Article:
Devastating food crises and research on the economic and social costs of childhood hunger have inspired an unprecedented international movement to end malnutrition in the first 1,000 days of a child’s life, beginning with the mother’s pregnancy. Proper nutrition during these 1,000 days can profoundly influence an individual’s ability to grow, learn, and work. It can also determine a society’s long-term health and prosperity.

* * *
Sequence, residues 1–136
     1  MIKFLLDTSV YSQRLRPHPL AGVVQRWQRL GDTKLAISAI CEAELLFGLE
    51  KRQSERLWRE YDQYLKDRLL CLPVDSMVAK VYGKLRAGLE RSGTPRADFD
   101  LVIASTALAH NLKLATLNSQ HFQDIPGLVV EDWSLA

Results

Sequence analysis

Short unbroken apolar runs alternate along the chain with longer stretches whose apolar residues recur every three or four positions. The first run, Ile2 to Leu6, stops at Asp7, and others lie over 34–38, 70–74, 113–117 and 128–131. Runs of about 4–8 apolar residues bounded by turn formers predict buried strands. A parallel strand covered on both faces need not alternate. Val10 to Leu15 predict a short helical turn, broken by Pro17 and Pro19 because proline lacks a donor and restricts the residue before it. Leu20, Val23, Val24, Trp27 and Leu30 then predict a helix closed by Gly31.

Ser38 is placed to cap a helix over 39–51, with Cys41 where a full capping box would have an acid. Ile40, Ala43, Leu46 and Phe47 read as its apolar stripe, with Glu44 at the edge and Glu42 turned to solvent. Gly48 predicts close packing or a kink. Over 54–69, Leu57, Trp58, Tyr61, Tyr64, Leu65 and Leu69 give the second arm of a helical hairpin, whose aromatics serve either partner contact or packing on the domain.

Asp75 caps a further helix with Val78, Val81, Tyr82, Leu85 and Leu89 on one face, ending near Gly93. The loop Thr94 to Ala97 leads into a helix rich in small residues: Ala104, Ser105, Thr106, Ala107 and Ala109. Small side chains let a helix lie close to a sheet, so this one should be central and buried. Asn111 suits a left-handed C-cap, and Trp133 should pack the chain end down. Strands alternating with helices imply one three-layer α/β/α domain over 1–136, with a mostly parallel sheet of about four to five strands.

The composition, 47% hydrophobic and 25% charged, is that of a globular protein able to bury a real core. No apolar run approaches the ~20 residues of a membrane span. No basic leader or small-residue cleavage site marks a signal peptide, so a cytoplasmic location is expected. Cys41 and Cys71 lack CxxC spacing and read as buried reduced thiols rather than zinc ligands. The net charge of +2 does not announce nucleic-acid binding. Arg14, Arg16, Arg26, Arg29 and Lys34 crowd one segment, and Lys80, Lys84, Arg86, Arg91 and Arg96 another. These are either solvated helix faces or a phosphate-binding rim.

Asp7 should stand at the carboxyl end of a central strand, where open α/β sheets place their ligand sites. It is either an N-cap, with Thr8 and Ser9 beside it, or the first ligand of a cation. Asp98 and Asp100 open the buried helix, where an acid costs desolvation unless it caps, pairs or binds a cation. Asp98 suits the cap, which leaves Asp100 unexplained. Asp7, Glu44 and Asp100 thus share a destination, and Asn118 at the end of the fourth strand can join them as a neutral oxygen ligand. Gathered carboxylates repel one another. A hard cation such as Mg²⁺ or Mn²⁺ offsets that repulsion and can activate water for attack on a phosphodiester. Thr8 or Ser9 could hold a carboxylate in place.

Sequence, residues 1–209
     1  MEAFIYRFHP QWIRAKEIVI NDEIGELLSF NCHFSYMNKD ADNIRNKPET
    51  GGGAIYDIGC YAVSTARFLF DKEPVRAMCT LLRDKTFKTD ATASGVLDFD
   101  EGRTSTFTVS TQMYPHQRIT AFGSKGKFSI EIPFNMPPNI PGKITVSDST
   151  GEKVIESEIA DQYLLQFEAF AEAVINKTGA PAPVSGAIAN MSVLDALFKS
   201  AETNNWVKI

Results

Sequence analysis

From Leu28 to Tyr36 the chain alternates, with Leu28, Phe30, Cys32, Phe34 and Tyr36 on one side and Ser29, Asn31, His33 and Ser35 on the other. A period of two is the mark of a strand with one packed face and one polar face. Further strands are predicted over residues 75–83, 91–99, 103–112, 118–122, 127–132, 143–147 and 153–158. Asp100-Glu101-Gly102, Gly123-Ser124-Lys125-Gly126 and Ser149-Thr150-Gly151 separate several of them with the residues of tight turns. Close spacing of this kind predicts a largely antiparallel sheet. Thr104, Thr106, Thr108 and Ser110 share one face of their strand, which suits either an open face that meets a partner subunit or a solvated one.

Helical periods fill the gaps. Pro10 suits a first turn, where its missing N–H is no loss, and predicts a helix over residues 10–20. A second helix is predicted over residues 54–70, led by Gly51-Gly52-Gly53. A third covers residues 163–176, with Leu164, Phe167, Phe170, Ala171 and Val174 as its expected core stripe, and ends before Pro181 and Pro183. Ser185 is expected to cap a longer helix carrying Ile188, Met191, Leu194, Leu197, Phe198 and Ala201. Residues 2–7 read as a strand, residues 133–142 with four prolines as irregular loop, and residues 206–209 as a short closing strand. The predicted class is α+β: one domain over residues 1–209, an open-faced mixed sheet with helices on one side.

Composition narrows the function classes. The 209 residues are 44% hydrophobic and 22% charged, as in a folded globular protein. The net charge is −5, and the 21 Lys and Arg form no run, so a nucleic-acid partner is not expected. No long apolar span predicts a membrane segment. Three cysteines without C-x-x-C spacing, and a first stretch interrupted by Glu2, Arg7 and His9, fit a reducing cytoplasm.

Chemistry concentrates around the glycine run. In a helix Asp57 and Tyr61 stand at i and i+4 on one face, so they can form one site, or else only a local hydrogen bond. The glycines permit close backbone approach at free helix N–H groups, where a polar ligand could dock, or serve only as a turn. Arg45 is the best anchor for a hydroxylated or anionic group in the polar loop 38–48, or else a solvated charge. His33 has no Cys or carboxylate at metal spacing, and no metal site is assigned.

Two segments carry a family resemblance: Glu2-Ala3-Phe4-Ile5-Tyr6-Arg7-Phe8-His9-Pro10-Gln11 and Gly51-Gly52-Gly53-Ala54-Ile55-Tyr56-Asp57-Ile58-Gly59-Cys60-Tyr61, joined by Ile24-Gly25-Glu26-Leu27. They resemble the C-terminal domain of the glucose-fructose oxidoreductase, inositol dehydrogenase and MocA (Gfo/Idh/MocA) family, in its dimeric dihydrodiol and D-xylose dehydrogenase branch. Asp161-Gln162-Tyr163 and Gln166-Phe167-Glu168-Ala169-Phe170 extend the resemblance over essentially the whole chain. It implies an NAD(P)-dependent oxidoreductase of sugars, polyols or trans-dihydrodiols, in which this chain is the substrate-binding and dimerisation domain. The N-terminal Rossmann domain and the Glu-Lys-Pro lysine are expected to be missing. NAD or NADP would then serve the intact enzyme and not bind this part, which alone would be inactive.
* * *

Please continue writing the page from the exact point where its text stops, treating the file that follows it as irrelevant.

In 2013 award-winning journalist and antihunger advocate Roger Thurow began following mothers and their babies through the first 1,000 days in areas where nutrition, health, and education programs are bringing hope to those historically plagued by malnutrition: Chicago, Guatemala, India, and Uganda. What began with several visits to families over a period of two to three years for his book has since turned into a longer-term study of these families over nearly a decade. His compelling stories explore the promise of—and confounding challenges to—a transformative worldwide initiative to end early childhood malnutrition.